Long-term survival of patients
The average hospital stay was 28.9±23.4 days (range, 1–115 days). Overall mortality was 20% (n=6). Among the 24 surviving patients, 2 patients developed pancreatic pseudocyst and were drained by endoscopy, and 2 patients had atrophy of the pancreatic gland correlated to the old contusion site.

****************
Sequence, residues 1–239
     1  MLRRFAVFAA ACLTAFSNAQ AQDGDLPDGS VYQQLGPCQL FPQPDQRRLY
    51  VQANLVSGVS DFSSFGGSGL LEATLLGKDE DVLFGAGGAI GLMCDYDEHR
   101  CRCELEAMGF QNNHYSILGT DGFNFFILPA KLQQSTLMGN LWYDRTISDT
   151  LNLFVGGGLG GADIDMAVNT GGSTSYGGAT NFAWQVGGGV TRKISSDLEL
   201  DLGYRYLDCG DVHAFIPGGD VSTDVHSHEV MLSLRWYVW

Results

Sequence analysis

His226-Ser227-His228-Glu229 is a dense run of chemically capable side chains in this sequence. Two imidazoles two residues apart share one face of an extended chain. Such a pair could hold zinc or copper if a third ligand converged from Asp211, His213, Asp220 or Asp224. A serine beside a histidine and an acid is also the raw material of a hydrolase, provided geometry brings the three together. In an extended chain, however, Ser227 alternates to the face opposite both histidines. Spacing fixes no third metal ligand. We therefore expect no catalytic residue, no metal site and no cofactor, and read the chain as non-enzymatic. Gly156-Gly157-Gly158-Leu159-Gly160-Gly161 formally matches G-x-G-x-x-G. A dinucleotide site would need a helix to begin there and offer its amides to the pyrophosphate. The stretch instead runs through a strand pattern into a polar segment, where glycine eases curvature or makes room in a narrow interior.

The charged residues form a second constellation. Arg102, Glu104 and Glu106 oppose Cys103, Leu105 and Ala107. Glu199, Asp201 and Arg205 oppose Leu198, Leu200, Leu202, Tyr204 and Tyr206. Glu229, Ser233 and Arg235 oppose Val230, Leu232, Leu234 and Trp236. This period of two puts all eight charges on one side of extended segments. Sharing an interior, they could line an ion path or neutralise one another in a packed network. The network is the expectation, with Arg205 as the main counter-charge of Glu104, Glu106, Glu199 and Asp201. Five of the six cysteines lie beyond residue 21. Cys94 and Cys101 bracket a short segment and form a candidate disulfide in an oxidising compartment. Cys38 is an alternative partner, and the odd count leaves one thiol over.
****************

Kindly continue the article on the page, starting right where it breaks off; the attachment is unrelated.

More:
This retrospective study shows that the prevalence of pancreatic trauma among all abdominal trauma patients hospitalized in our department was 11.5% with an overall mortality of 20%. Pancreatic injuries were mostly blunt trauma (63%) and the etiology was dominated by motor vehicle accident in 46% of the cases, followed by stab wounds in 37% and falls or crushing in 17% of the cases. The incidence of pancreatic trauma is greater than reported in the literature which stands between 3–5% (16), an explanation to that is by the relatively small size of our series and the fact that not all abdominal trauma were hospitalized in our department. The average age of patients is 38 years old, which does not differ from other published series where the age is less than 40 years in 80% of the cases, in addition 74% of patients in our series are males, as well correspond to the literature data (1,17,18). Isolated pancreatic trauma is rarely the case, as this study shows that in 90% of the patients other associated injuries were treated. This is not the case for pancreatic injuries occurring in children which are often isolated (sports injuries or bike fall). The main causes of pancreatic trauma in this series were motor vehicle accident and stab wounds, unlike data from the United States where the main cause of pancreatic trauma is penetrating (firearms and knives) (1,3,19-21). The reason is probably due to much stricter legislation regarding firearms in Europe where most pancreatic trauma are blunt ones and the most frequent mechanisms are linked to acceleration-deceleration or abdominal contusion to the driver from steering wheel (2,22). In this study 21 patients had a full body CT scan, only 1 patient had a CT scan that was consider normal, a false negative rate of 5% which is lower than the data reported in the literature (40%) (8). Also in our series, the diagnosis of pancreatic injury was made by magnetic resonance imaging (MRI) (3 patients), however access to MRI in emergency setting and its yield is under evaluation (23,24).